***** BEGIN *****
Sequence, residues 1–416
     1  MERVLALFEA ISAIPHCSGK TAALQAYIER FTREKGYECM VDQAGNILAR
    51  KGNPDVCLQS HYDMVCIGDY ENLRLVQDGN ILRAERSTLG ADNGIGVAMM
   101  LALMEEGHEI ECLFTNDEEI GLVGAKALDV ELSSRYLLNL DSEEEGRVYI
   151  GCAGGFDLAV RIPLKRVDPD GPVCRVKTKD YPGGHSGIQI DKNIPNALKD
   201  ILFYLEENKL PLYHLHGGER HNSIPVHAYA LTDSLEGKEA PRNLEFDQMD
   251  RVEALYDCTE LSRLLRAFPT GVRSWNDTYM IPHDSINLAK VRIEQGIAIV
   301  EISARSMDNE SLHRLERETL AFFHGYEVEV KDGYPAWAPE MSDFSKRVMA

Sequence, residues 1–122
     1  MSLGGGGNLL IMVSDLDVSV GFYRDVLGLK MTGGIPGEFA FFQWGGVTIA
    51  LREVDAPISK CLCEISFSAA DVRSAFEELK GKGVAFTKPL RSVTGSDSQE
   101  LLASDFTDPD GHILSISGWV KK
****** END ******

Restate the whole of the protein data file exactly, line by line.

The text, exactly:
Sequence, residues 1–416
     1  MERVLALFEA ISAIPHCSGK TAALQAYIER FTREKGYECM VDQAGNILAR
    51  KGNPDVCLQS HYDMVCIGDY ENLRLVQDGN ILRAERSTLG ADNGIGVAMM
   101  LALMEEGHEI ECLFTNDEEI GLVGAKALDV ELSSRYLLNL DSEEEGRVYI
   151  GCAGGFDLAV RIPLKRVDPD GPVCRVKTKD YPGGHSGIQI DKNIPNALKD
   201  ILFYLEENKL PLYHLHGGER HNSIPVHAYA LTDSLEGKEA PRNLEFDQMD
   251  RVEALYDCTE LSRLLRAFPT GVRSWNDTYM IPHDSINLAK VRIEQGIAIV
   301  EISARSMDNE SLHRLERETL AFFHGYEVEV KDGYPAWAPE MSDFSKRVMA

Sequence, residues 1–122
     1  MSLGGGGNLL IMVSDLDVSV GFYRDVLGLK MTGGIPGEFA FFQWGGVTIA
    51  LREVDAPISK CLCEISFSAA DVRSAFEELK GKGVAFTKPL RSVTGSDSQE
   101  LLASDFTDPD GHILSISGWV KK